Driver Identified In MIA Tour Bus Crash That Killed Two
South Florida Crime
MIAMI (CBSMiami) – At least two people are dead and three more are in critical condition after a private tour bus carrying a congregation of mostly elderly Jehovah’s Witnesses smashed into a concrete overpass at Miami International Airport Saturday morning.
Of the 31 passengers aboard the bus, one man died at the scene while another man died at Ryder Trauma Center at Jackson Memorial Hospital. Both victims were elderly.
CBS4 news partner The Miami Herald reports authorities removed the man’s body from the bus at about 11 a.m., with a white, Miami-Dade County van picking up the body a few minutes later.
It appeared that the dead passenger was sitting near the driver’s seat, which was crushed.
The 29 surviving passengers were taken to Jackson Memorial. A majority of the injuries were facial due to the frontal impact, said Miami-Dade Police spokesman Det. Alvaro Zabaleta.
“It’s just like you are sitting on a plane. You really don’t see anything in front of you until of course they felt the impact — the force takes them forward and the majority of them were facial injuries,” Zabaleta said.
Miami-Dade Police believes the passengers were local residents, not tourists, Lt. Rosanna Cordero-Stutz said. No one outside the bus was hurt, owing to the fact that weekend traffic at the airport is typically low.
The driver, 47-year-old Ramon Ferreiro, sustained only minor injuries. Like most buses commonly used for charters and tours, the driver sits low to the ground. The passengers, however, sit in an elevated area behind the driver’s seat.
Zabaleta said the bus was chartered by a Jehovah’s Witnesses group headed to a religious convention in West Palm Beach.
The group was made up of congregation members of Sweetwater’s Kingdom Hall of Jehovah’s Witnesses, Sweetwater Mayor Manny Maroño told The Associated Press.
According to authorities, Ferreiro was lost and made an unintentional detour into the airport.
Just before 8 a.m., the double-decker bus approached the passenger arrival area and struck the airport building’s concrete overpass.
Sources briefed on the investigation told CBS4’s Jim DeFede that police estimated the 10- to 11-foot-tall bus was traveling at about 40 mph when it struck the eight-foot-six-inch overhang.
“It sounds like the driver got confused and was just trying to get through,” said airport spokesman Greg Chin, who received the information from airport employees who spoke with passengers.
“He was not used to coming to the airport. Bus operators who come here know that buses don’t meet the clearance in that area; they know they need to be on the upper level,” said Chin.
Two large signs warn drivers of large vehicles not to enter beneath the concrete overpass.
One sign, at top-left, is attached to the top of the concrete barrier and reads: “High Vehicle STOP Turn Left.”
The other, placed to the left of the driveway several feet in front of the barrier, says all vehicles higher than the 8-foot-6 threshold must turn left.
Fire trucks and police cars swarmed the area Saturday morning, and the bus was blocked off by yellow police tape. A white cooler that had been filled with water bottles was on its side behind the bus, the front of which remained wedged beneath the overpass Saturday.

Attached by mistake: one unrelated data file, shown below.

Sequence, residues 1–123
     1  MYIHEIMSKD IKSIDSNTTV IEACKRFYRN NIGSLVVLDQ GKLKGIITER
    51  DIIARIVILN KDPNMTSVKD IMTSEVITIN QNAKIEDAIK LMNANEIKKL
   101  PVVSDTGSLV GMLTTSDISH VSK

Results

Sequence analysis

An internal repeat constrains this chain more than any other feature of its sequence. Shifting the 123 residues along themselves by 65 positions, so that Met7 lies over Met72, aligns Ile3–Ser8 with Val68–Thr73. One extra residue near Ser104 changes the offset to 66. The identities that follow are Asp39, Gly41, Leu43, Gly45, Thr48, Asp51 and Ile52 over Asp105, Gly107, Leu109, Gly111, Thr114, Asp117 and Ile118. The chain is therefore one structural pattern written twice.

People arriving from their flights were peeking from their windows to get a view of the scene. On the first floor, in arrivals, the crashed white bus remained on site with the top missing over the driver’s seat. Shattered glass covered the floor.
“You would think the driver should have known his bus was too high,” traveler Susan Lillis told the paper, flying in from Baltimore.
Osvaldo Lopez, an officer with Miami-Dade aviation, said he first heard a loud noise Saturday morning and was certain it was some sort of car wreck.
He said he went inside the bus to help and found several passengers thrown into the center aisle.
“It was just very bloody,” he said of the scene.
After helping the passengers, Lopez suffered some injuries of his own — his left arm and a finger on his right hand were both bandaged.
Cordero-Stutz said the driver was unfamiliar with the area near the airport and didn’t intend to wind up at the arrivals area.
Hernan Garcia, who works at the airport, agrees. Garcia guides cruise ship tourists to buses, taking them to the Port of Miami.
“There are designated routes for these type of buses and it is prohibited to speed in this area,” Garcia told CBS4 news partner The Miami Herald.
The area where the accident happened was closed while police investigated. The driver spent the morning talking to investigators, who said the accident is being treated as a homicide. He was taken to Doral police headquarters around mid-afternoon Saturday.
Another two people investigators will likely talk to are Mayling and Alberto Hernandez. The two own Miami Bus Service Corporation, the Miami-based company which operates the bus.
According to the U.S. Department of Transportation’s Federal Motor Carrier Safety Administration, the company has two drivers for its three passenger motor coaches.
Federal Motor Carrier Safety Administration records found online show the company has had no violations for unsafe driving or controlled substances and alcohol. It also had not reported any crashes in the two years before Oct. 26, 2012.
However, records reveal the company received three citations related to driver fatigue in April 2011. In fact, the company scored a 92.2 percent in the fatigued driving category.
Zabaleta told The Associated Press it was “too early to tell if in fact any charges are going to be filed.”
(TM and © Copyright 2012 CBS Radio Inc. and its relevant subsidiaries. CBS RADIO and EYE Logo TM and Copyright 2012 CBS Broadcasting Inc. Used under license. All Rights Reserved. This material may not be published, broadcast, rewritten, or redistributed. CBS4 news partner The Miami Herald and The Associated Press contributed to this report.)